Here’s where Boeing is to blame for its big loss

New York

Boeing posted a $650 million operating loss in the fourth quarter, surprising Wall Street analysts.

The company blamed the unexpected loss on “unusual production costs” as it tried to deliver the remaining backlog of 737 Max jets. Increase deliveries of 787 Dreamliners. The company’s production of the 787 is below normal rates.

What’s more, Boeing had to pay unspecified compensation to 787 customers whose deliveries were delayed by about a year.

Boeing has reported only two profitable quarters in the nearly four years since the plane took off 737 max. After Two fatal accidents Killing 346 people, the jet was grounded for 20 months starting in March 2019. Then a year later, the pandemic nearly halted flying and demand for new planes — canceling hundreds of jet orders and triggering a pile of losses. Boeing.

Still, the industry has shown signs of growth, and analysts polled by Refinitiv predict Boeing will earn 26 cents a share. Instead it reported a loss of $1.75 per share. While that’s an improvement from the loss of $7.69 a share in the fourth quarter of 2021, it’s also a big disappointment.

Boeing’s troubles in the fourth quarter are tied to its tough few years since the 737 Max crisis.

For one, the company was saddled with an excess inventory of hundreds of jets. Boeing usually does not hold inventory because the planes are delivered to customers as soon as they are completed.

But despite not being able to deliver the 737 Max jets when they landed, Boeing kept building them — partly to keep its suppliers in business. Customers canceled orders during the pandemic and were forced to find new buyers for some of those planes.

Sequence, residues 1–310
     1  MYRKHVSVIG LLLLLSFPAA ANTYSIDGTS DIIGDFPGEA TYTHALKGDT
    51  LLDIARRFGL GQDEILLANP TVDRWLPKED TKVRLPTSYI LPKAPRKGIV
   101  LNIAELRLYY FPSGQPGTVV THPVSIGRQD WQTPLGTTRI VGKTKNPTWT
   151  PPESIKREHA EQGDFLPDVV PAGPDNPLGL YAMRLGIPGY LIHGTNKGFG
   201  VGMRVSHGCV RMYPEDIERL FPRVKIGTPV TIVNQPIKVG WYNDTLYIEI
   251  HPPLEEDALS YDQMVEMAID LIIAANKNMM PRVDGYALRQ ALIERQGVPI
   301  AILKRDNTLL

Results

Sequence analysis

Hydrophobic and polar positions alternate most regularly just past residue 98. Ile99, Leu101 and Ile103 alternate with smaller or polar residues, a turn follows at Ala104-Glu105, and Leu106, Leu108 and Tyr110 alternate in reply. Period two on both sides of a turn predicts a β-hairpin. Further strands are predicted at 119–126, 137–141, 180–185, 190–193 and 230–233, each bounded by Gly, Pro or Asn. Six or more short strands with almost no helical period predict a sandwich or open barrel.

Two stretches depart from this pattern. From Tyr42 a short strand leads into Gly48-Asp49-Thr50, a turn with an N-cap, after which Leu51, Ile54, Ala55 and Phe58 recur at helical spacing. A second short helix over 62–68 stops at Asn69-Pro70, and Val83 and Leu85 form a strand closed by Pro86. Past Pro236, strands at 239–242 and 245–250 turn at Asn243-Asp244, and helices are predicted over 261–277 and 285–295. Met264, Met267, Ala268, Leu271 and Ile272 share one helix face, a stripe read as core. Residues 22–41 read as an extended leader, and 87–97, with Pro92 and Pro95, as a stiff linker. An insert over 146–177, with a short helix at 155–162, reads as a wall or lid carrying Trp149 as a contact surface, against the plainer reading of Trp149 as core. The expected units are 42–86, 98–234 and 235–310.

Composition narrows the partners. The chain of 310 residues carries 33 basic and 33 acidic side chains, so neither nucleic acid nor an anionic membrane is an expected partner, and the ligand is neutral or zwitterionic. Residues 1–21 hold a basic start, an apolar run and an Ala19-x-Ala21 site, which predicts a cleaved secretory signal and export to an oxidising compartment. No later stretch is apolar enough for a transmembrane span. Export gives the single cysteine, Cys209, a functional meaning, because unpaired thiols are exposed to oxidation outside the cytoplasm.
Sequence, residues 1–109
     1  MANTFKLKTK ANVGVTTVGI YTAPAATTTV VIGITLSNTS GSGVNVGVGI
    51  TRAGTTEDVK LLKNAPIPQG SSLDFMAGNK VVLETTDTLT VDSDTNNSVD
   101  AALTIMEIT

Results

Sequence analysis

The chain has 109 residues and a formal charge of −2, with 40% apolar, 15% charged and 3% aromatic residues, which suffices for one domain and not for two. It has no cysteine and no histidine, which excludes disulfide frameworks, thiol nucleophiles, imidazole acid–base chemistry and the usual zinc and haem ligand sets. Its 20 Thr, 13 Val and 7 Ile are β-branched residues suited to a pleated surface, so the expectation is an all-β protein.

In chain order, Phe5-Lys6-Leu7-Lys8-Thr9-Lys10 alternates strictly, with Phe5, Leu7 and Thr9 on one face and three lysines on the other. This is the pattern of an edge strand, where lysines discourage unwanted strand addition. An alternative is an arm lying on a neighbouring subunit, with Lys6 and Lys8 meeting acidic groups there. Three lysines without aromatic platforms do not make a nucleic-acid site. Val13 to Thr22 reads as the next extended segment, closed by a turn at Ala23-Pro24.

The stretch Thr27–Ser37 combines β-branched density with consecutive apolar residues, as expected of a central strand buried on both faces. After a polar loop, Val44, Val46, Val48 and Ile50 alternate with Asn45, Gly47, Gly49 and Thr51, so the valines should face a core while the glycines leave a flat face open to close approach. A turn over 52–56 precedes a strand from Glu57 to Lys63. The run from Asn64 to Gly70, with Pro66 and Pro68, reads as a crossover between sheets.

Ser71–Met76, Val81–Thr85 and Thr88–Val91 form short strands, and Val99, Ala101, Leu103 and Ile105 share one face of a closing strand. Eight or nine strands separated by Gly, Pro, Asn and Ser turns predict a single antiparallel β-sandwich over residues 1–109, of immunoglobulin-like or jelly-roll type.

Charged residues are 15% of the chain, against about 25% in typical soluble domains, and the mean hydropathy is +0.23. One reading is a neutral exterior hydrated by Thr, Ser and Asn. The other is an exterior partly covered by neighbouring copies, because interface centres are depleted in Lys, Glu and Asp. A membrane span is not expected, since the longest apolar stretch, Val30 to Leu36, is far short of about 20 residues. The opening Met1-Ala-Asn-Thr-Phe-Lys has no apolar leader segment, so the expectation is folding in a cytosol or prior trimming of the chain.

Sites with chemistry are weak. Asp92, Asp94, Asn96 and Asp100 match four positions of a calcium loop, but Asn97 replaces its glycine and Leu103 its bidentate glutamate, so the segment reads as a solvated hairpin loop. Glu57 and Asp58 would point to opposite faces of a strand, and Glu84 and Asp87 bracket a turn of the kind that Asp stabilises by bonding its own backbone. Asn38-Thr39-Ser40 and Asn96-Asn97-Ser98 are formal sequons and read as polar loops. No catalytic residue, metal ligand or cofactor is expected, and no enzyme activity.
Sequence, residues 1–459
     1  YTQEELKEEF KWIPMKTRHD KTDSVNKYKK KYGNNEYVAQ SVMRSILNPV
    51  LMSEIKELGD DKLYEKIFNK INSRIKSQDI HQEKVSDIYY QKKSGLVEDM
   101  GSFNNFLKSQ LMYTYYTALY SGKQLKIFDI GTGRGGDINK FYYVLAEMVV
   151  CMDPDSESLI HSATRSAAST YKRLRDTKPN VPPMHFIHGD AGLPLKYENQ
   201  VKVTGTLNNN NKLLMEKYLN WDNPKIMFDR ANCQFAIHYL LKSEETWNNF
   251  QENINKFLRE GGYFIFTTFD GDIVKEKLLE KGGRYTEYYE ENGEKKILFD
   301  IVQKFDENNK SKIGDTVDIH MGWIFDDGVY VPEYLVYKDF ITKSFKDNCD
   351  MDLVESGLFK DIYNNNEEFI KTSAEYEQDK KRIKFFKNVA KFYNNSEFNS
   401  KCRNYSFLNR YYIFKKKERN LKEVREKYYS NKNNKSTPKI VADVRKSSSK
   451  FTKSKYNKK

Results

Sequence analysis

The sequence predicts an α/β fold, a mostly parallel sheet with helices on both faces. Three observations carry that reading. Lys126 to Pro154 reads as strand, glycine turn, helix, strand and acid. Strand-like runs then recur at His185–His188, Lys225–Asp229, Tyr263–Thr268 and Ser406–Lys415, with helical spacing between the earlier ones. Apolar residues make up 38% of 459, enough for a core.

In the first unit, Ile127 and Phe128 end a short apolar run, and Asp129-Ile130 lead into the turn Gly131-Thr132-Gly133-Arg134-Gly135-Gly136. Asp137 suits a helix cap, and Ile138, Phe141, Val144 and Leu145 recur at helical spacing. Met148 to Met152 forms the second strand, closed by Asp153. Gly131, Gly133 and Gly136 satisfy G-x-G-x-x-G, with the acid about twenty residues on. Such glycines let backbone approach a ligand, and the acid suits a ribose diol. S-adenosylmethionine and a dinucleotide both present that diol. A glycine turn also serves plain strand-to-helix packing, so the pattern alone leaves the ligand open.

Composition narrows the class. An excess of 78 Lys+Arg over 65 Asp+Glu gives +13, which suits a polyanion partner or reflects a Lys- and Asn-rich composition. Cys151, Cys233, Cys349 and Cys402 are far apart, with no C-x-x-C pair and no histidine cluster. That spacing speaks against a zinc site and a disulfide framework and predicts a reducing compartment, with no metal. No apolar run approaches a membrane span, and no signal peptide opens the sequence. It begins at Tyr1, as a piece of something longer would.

See also  Prince Harry's memoir breaks sales record

Beyond the Max, the FAA flagged quality problems with the company’s 787 Dreamliners, and it stopped offering that model. While the Dreamliner didn’t take off like the Max, it still hurt the company: Boeing’s abnormal production costs last quarter were the result of having to rework both the Max and the Dreamliner jet, CEO Dave Calhoun told CNBC in an interview Wednesday.

Calhoun added that supply chain problems are improving, but they are not behind the company or the aerospace industry, and he suggested that money-losing quarters will be more likely even if demand picks up again. Margins throughout the year as its Max and Dreamliner inventories are cleared.

Boeing delivered 152 business jets in the quarter, up 54% from a year ago and better than its own target.

But digging deeper into the financial results highlights a potential problem: Boeing appears to have gotten lower prices on some of its planes than analysts expected.

That’s because the company’s revenue fell short of forecasts, coming in at less than $20 billion. While that was Boeing’s highest revenue since the pandemic began, it was about $360 million below analysts’ consensus estimate. A combination of better-than-expected deliveries but worse-than-forecast earnings suggests weak pricing.

Boeing tried to put a better spin on its disappointing results.

The company pointed out that this was the first full year of positive operating cash flow since the start of the 737 Max crisis. Boeing ultimately brought in $3.5 billion more cash than it spent, and the company reaffirmed its guidance for 2023 of positive operating cash flow of $4.5 billion to $6.5 billion.

See also  Shares are recovering despite fears of growth and inflation

“Demand remains strong across our portfolio, and we are focused on driving stability in our operations and supply chain to meet our commitments through 2023 and beyond,” Calhoun said in the company’s statement. “While challenges remain, we remain well positioned and on track to restore our operational and financial strength.”

Boeing shares

It was down 2.5% in morning trade.

Leave a Reply

Your email address will not be published.